As a general rule, the executor of an estate does not have personal liability for the debts and obligations of a decedent. Lest executors become complacent, however, they should be aware of an important exception to that rule, which was illustrated by a recent federal court case between executors and the Internal Revenue Service (IRS).
At the time of her death, the decedent had a substantial unpaid income tax liability, in the range of half-million dollars. There was no question that the two executors of her estate, one of whom was her son, had been aware of that liability, since they had received letters from the IRS advising them of a federal tax lien on real property owned by the decedent and of their obligation to satisfy that debt.
The executors had even unsuccessfully challenged the lien in an administrative appeal. Despite this knowledge, they conveyed the real property to the executor-son for one dollar. The son then sold the property for an amount in excess of the tax liability, but later claimed that the proceeds “pretty much got blown away in the market.”
The IRS prevailed in its federal court lawsuit against the executors, seeking satisfaction of the tax liability from them. The winning theory was that the executors, by disposing of the real estate without having first satisfied the income tax liabilities of the decedent, had violated their duties as fiduciaries of the estate of the taxpayer.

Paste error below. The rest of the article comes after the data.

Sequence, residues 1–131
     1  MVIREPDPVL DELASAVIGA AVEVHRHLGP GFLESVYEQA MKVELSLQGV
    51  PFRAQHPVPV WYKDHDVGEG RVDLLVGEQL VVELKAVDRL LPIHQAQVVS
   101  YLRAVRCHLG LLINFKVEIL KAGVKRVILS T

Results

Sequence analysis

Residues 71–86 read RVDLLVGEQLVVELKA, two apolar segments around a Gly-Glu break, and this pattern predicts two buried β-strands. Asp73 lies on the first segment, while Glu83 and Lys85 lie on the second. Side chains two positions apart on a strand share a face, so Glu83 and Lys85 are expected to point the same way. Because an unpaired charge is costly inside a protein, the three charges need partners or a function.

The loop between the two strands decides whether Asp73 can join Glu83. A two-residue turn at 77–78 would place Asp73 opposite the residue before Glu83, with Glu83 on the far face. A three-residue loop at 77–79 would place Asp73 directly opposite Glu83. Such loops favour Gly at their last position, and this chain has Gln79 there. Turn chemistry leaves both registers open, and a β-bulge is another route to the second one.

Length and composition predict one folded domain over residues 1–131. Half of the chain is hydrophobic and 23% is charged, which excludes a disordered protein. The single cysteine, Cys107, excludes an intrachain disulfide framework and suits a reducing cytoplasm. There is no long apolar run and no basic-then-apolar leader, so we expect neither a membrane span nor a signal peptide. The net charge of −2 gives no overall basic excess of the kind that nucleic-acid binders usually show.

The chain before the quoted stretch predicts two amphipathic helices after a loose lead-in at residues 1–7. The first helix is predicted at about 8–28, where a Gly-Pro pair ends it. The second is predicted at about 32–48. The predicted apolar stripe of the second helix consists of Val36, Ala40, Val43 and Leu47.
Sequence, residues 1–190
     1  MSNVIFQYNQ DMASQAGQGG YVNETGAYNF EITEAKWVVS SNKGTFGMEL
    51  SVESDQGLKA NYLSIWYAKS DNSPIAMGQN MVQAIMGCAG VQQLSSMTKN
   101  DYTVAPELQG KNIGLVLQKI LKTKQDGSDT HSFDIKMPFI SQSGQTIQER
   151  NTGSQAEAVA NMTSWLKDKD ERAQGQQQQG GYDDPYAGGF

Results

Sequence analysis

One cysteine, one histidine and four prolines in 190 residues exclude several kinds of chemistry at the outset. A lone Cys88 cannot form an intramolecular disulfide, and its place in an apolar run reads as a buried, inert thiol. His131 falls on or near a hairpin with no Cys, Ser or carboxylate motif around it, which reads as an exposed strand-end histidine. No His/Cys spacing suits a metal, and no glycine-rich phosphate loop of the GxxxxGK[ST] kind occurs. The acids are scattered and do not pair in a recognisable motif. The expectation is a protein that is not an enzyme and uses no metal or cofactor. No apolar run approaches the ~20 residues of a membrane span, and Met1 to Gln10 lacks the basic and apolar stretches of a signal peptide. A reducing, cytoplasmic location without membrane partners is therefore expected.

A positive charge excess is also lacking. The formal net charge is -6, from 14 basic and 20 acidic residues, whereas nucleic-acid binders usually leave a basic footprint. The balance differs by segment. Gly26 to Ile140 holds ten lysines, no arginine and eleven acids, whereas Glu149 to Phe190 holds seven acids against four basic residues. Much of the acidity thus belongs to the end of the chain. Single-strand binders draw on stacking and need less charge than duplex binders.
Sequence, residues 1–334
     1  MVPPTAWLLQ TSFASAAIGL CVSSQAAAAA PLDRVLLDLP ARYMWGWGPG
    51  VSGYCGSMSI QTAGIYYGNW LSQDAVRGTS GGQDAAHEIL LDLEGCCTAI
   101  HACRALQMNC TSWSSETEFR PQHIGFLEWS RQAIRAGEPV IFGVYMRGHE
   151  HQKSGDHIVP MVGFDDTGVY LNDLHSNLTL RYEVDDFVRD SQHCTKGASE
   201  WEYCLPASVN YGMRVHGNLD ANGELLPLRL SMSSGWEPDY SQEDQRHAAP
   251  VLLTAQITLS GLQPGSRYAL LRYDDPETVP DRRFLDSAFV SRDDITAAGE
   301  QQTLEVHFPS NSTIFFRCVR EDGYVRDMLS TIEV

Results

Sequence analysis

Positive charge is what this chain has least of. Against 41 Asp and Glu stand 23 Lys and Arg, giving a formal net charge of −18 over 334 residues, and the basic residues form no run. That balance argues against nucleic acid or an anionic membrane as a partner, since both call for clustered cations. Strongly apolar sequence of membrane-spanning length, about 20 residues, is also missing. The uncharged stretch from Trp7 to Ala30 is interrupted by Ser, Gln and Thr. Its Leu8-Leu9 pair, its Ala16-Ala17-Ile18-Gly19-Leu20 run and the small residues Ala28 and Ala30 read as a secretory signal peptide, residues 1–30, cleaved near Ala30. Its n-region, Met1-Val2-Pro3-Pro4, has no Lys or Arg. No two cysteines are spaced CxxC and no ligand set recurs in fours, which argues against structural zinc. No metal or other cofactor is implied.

The IRS proceeded under a federal statute that holds a fiduciary liable, to the extent of unpaid claims of the government, if the fiduciary disposed of assets of an estate before paying the government. Three elements must be present for such a cause of action, and they were all shown by the IRS in the case before the court: (1) the fiduciary distributed assets of the estate; (2) the distribution rendered the estate insolvent; and (3) the distribution took place after the fiduciary had actual or constructive knowledge of the liability for unpaid taxes.
The applicable concept of joint and several liability of the executors had the potential for an especially bad outcome for the executor who had conveyed the real property to his coexecutor, the son of the decedent. If the son does not have enough money or assets to pay the tax debt – a probable outcome given his travails in the market – the other executor could be on the hook for the entire debt, even though he never had the benefit of the proceeds from the sale of the property. Executors be forewarned: Be sure that Uncle Sam gets what is coming to him before distributing estate assets to beneficiaries.
Akridge & Balch, P.C. provides advice and representation for estates, and can help you avoid any pitfalls faced by executors. For more information, go to http://www.akridgebalch.com or call Katie Klos at (334)887-0884.